The LINC00266-1-encoded RBRP peptide, but not the lncRNA LINC00266-1 itself, promotes tumorigenesis
We used the lentivirus expressing the LINC00266-1 short hairpin RNA (shRNA), which targets the 3′-UTR of the LINC00266-1 ORF, to stably knock down LINC00266-1 expression. Two CRC cell lines, HCT-116 and SW480, were constructed with the stable knockdown of LINC00266-1. In these cells, we restored the expression of ORF, 5′U, or MT, which confer resistance to shRNAs against LINC00266-1 (Fig. 3a). Knockdown of LINC00266-1 resulted in significant decreases in cell growth, colony formation, migration, and invasion, whereas these alterations were restored to the control level after the addition of ORF expression, but not LINC00266-1 MT expression (Fig. 3b–d), indicating that the RBRP peptide, but not the lncRNA LINC00266-1 itself, promotes tumorigenesis.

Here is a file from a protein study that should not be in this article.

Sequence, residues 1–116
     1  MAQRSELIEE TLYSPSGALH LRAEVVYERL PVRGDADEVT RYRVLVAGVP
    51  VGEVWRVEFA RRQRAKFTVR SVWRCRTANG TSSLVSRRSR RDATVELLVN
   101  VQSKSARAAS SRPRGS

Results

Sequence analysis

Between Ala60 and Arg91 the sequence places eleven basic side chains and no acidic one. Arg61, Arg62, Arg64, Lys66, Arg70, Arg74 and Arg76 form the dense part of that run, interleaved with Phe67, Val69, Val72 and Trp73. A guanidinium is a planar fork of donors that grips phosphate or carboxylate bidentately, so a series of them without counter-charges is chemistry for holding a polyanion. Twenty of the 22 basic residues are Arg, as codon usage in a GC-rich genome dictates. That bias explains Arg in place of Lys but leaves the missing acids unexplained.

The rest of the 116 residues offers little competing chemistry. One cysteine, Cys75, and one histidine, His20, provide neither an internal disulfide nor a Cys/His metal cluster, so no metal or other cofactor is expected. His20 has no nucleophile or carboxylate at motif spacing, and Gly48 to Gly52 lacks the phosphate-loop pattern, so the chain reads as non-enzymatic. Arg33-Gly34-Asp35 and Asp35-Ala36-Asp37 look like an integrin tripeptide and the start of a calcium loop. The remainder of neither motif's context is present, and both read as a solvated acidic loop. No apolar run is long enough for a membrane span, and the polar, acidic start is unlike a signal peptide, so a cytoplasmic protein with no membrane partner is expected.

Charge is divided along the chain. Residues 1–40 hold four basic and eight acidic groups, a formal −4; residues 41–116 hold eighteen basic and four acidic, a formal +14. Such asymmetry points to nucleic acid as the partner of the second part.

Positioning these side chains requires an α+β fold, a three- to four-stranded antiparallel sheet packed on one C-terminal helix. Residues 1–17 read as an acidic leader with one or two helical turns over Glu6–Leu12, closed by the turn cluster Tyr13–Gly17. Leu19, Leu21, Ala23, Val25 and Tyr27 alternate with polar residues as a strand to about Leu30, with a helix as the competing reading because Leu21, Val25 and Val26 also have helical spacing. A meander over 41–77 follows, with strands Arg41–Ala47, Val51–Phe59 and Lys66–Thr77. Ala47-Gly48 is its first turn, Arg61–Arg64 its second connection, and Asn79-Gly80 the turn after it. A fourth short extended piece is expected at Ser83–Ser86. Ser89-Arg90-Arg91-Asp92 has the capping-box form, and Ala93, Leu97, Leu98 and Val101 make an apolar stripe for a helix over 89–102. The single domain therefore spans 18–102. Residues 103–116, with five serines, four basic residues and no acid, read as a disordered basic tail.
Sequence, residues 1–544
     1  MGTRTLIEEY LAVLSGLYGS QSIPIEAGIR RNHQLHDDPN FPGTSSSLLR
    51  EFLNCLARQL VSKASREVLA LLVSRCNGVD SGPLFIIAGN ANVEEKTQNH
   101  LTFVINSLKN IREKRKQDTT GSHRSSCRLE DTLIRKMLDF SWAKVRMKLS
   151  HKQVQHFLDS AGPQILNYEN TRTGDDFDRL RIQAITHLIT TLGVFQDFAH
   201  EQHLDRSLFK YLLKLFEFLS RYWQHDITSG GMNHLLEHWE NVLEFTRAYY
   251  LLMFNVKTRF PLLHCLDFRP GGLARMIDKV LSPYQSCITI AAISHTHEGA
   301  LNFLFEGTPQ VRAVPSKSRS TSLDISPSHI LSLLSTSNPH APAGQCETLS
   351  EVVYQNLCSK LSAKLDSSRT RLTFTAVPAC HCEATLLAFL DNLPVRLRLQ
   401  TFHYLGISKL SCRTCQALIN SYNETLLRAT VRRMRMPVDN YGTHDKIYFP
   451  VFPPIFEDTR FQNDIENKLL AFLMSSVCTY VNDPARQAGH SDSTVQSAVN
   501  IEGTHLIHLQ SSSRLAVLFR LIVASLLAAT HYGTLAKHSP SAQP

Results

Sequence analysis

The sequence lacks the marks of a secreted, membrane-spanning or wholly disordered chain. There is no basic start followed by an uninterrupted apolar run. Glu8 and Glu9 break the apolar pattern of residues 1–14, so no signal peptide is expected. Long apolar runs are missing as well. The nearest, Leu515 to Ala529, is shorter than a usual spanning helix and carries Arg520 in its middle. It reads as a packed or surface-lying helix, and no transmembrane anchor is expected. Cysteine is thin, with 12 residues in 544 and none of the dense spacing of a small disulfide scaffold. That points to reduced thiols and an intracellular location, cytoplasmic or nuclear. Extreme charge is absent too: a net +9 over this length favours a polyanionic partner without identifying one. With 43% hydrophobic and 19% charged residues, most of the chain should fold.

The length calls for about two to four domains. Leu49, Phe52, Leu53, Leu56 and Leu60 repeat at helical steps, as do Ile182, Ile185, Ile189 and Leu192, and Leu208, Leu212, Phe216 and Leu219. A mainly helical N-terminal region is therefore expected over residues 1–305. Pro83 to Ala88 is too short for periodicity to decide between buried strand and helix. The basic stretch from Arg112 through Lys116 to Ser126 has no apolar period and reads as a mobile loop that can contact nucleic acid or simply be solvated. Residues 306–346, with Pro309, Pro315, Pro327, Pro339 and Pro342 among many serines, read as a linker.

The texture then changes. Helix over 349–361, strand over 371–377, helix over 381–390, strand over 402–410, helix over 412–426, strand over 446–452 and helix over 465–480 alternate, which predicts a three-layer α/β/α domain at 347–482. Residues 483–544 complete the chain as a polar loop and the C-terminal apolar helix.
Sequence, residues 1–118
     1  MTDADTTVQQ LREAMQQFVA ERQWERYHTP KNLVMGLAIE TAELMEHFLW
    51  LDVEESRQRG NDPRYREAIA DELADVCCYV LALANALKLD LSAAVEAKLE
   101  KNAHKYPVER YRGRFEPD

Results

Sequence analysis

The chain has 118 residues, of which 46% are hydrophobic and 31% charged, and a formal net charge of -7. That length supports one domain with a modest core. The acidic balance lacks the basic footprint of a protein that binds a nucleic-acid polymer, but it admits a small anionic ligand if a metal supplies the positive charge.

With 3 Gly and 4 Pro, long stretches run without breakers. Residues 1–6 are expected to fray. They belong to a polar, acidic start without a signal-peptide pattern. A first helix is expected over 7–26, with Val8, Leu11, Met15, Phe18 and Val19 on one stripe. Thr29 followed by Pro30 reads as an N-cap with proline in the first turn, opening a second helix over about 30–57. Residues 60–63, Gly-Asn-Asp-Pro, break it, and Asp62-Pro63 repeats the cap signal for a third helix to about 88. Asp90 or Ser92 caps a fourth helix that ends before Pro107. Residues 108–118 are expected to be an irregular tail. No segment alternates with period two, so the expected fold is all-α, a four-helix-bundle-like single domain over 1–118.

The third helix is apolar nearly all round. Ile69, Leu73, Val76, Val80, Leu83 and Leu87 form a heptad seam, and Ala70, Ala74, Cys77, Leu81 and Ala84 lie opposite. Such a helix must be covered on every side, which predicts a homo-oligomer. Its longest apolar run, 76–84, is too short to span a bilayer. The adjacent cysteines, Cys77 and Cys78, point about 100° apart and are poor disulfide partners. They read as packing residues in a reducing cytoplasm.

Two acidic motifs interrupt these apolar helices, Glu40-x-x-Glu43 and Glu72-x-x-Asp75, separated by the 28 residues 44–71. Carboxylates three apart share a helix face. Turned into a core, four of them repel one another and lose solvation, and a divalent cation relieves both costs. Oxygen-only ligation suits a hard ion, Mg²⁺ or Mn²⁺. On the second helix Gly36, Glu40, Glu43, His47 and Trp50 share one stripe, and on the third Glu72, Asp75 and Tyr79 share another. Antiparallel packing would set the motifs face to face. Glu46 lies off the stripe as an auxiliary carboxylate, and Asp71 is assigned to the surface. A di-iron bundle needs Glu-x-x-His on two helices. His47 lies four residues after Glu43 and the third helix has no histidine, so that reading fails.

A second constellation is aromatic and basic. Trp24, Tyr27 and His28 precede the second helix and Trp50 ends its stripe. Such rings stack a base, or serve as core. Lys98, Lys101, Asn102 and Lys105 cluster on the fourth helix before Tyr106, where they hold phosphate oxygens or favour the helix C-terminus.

In addition, we transfected the LINC00266-1 ORF (ORF), 5′UTR-ORF (5′U), and 5′UTR-ORFmut (mut) Flag fusion constructs into two CRC cell lines to analyze the effects of the LINC00266-1-encoded RBRP peptide and the lncRNA LINC00266-1 itself on cancer progression. The LINC00266-1 ORF and 5′UTR-ORF constructs, both of which produce the RBRP peptide, promoted CRC cell proliferation, colony formation, migration, and invasion (Supplementary Fig. 5d–f). However, the LINC00266-1 5′UTR-ORFmut constructs, which do not encode the RBRP peptide and function as lncRNAs, did not alter cancer cell proliferation, colony formation, migration, or invasion.